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Art & Culture / AnOther's Lovers

Hotel Posada Mirador, Mexico

We unveil our favourite post on AnOther Loves, and interview its Lover

Hotel Posada Mirador, Mexico
Hotel Posada Mirador, Mexico

We've found the perfect place to hide away from the vile English weather - welcome to the vertiginous Hotel Posada Mirador

London is horrid at the moment. The morning starts with a glimmer of hopeful sunshine and a decision to wear flimsy shoes, before devolving into rumbles of thunder, torrential rain and freezing feet. Hastily purchased barbeques laugh at us through spattered windows, and we’ve spent all the rest of our money on panic umbrellas. We all want to escape, and AnOther’s Lovers have found the ideal getaway – the Hotel Posada Mirador, Mexico, an idyllic clifftop spot picked by AnOther’s Social Media and Editorial Assistant Daisy Woodward.

"The process of checking out of one’s home and into a mysterious building with Do Not Disturb signs on every handle is an intoxicating one"

There is always a frisson of excitement about staying in a hotel. The mini-bar may be stocked with Pringles or champagne; the view could be of Streatham or the Caribbean Sea; the sheets musty or riddled with Egyptian cotton – no matter what, the process of checking out of one’s home and into a mysterious building with Do Not Disturb signs on every handle is an intoxicating one. Cinema often riffs on this. In Lost in Translation, her obnoxious husband abandons Scarlett Johannson to the stifling isolation of a Tokyo hotel, leading her to karaoke and Bill Murray, while the institutionalised anonymity is played on to chilling effect in And Then There Were None, as twelve strangers converge on a fog-wreathed island to discover, first, that there is no way off, and second, that one among them is a murderer. Wes Anderson’s The Grand Budapest Hotel is a paean to a lost, perhaps fictional, golden age of luxurious and eccentric hospitality, and its sugar pink walls and precarious cliff top positioning all bear a strong likeness to this week’s winner.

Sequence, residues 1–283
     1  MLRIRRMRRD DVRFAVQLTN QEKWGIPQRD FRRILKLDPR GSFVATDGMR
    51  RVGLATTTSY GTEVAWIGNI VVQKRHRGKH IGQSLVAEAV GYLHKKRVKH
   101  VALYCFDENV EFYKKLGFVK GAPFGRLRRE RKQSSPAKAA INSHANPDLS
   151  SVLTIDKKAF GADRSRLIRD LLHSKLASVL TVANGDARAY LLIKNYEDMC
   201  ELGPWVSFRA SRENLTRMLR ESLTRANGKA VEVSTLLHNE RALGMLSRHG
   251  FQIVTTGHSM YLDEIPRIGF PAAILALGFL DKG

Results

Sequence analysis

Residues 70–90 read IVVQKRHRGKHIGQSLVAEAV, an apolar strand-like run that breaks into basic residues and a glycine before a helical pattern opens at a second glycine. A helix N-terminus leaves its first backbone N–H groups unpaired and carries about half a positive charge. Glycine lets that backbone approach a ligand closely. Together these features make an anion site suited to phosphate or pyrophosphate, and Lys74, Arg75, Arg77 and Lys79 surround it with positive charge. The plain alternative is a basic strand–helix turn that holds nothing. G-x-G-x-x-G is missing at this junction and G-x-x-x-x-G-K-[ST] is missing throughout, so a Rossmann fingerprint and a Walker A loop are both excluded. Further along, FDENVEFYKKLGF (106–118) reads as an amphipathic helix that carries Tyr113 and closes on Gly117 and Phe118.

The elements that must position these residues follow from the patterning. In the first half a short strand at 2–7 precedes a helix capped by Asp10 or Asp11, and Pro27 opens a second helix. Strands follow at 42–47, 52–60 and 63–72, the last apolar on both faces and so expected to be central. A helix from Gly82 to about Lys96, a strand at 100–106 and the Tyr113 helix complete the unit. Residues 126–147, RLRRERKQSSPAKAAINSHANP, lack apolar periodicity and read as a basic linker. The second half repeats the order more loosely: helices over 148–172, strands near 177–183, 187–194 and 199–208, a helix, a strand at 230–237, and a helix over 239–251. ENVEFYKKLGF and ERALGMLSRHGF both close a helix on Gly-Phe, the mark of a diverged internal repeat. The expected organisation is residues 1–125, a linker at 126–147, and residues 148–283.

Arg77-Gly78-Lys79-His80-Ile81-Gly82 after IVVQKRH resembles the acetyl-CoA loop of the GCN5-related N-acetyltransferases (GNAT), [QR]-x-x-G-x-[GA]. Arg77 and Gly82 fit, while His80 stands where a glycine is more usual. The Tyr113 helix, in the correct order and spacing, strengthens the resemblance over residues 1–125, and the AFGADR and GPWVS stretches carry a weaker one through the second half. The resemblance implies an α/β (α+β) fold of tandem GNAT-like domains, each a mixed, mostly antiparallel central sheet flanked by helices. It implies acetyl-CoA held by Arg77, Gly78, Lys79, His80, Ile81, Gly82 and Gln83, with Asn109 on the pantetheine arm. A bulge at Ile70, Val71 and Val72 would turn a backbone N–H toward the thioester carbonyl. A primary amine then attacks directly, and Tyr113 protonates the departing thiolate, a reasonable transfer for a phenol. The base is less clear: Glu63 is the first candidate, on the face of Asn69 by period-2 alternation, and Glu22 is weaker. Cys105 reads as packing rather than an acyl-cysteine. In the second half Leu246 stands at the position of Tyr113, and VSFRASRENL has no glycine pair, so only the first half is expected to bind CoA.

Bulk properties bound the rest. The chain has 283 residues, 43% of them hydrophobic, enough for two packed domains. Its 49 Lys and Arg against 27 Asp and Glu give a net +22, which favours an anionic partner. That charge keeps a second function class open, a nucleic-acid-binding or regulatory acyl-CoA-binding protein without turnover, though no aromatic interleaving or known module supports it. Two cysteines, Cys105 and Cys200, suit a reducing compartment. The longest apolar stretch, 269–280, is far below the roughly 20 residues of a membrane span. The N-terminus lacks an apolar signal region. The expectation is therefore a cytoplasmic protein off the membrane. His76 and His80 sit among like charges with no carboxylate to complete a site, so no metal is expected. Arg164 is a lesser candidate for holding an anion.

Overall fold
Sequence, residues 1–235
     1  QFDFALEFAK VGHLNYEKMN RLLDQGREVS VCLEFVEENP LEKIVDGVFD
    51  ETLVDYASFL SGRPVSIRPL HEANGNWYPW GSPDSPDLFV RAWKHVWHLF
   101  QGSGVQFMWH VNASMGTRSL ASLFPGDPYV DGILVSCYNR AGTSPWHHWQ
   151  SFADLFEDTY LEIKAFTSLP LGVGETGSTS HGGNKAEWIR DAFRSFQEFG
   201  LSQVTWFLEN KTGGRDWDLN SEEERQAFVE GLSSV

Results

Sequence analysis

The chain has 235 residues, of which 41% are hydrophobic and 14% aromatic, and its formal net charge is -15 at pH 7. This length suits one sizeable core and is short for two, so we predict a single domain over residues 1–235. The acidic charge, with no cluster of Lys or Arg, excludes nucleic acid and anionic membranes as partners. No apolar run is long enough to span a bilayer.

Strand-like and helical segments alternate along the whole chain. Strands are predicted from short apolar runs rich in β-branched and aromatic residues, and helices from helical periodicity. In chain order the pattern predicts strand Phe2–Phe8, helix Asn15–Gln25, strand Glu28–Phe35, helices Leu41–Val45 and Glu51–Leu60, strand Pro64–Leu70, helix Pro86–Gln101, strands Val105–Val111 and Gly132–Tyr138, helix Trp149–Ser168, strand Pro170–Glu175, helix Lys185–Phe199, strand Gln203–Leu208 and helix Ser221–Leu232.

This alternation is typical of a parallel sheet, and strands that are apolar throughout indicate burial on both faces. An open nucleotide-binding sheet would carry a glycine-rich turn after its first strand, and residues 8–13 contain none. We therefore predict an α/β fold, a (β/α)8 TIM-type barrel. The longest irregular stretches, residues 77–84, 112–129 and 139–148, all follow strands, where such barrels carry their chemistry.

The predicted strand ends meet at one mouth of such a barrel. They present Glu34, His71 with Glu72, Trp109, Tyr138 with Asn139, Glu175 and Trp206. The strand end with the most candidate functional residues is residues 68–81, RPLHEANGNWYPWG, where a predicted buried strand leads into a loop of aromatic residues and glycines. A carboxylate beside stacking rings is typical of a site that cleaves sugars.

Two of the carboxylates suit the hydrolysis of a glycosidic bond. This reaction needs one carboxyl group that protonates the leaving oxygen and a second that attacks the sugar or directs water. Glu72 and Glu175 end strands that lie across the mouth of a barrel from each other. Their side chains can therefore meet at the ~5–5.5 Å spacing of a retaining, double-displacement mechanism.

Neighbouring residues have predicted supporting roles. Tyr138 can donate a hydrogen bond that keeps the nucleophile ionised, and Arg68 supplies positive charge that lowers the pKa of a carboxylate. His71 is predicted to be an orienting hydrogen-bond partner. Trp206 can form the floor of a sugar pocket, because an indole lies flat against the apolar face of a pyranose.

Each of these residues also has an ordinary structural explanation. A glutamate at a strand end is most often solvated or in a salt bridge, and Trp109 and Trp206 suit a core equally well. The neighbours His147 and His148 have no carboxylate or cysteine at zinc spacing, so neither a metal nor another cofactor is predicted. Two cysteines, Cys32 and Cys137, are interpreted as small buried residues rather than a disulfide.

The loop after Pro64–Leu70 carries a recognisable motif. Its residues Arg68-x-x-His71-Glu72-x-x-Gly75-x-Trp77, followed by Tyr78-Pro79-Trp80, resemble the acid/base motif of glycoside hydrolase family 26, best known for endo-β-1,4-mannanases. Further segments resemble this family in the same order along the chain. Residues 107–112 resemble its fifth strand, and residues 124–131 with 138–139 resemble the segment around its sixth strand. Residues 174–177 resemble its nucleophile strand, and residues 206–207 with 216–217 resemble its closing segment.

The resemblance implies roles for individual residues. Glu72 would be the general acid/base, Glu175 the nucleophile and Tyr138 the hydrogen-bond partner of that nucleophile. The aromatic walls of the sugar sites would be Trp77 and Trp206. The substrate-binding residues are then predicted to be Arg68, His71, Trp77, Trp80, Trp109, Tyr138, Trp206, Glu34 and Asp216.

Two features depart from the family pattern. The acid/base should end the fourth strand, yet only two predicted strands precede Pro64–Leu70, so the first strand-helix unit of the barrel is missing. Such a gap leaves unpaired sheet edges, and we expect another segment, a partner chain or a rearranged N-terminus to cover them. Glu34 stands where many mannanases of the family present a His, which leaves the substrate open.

Casa Malaparte, Capri
Casa Malaparte, Capri
So while we consider booking a last minute trip to Mexico, Woodward describes her dream holiday destination – with Frida Kahlo as a fellow guest.

Why did you love the Hotel Posada?
For lots of reasons – the architecture is so unusual, the colour is amazing and I love the location on a craggy cliff top. Also, it's in Mexico which is top on my list of places to go.

When would you go and who would be your dream companions?
I'd like to go in the late summer, with my mum – she's always wanted to go to Mexico too and deserves a mega holiday. In a dream world, Frida Kahlo would be staying there too. 

Where is your dream travel destination?
After Mexico, probably Japan (Tokyo looks insane). But I'm also always happy in Italy – the food, the people and the art never get boring.

What is your favourite coloured house?
I love Luis Barragán's Casa Barragán which is in Mexico too (the photographs of it by René Burri are great) and the pastel-coloured houses at the top of Portobello Road.

What colour would you paint your house?
If I lived in Mexico, I'd probably join the pink club. In England I'm quite a fan of brick-fronted houses.

What is your favourite hotel moment in literature or on screen?
In literature, The Witches by Roald Dahl. Hotel drama doesn't get much better than witch conventions and mouse adventures. On screen, A Room with a View.

What are you looking forward to about the rest of summer?
A road trip to France (including camping and a two-night stopover in Paris) next week!

What was the last thing you bought?
Henri Matisse: A Second Life, a book about Matisse's cut out years. I went to the Tate exhibition the other day and was blown away. He was so inspiring!

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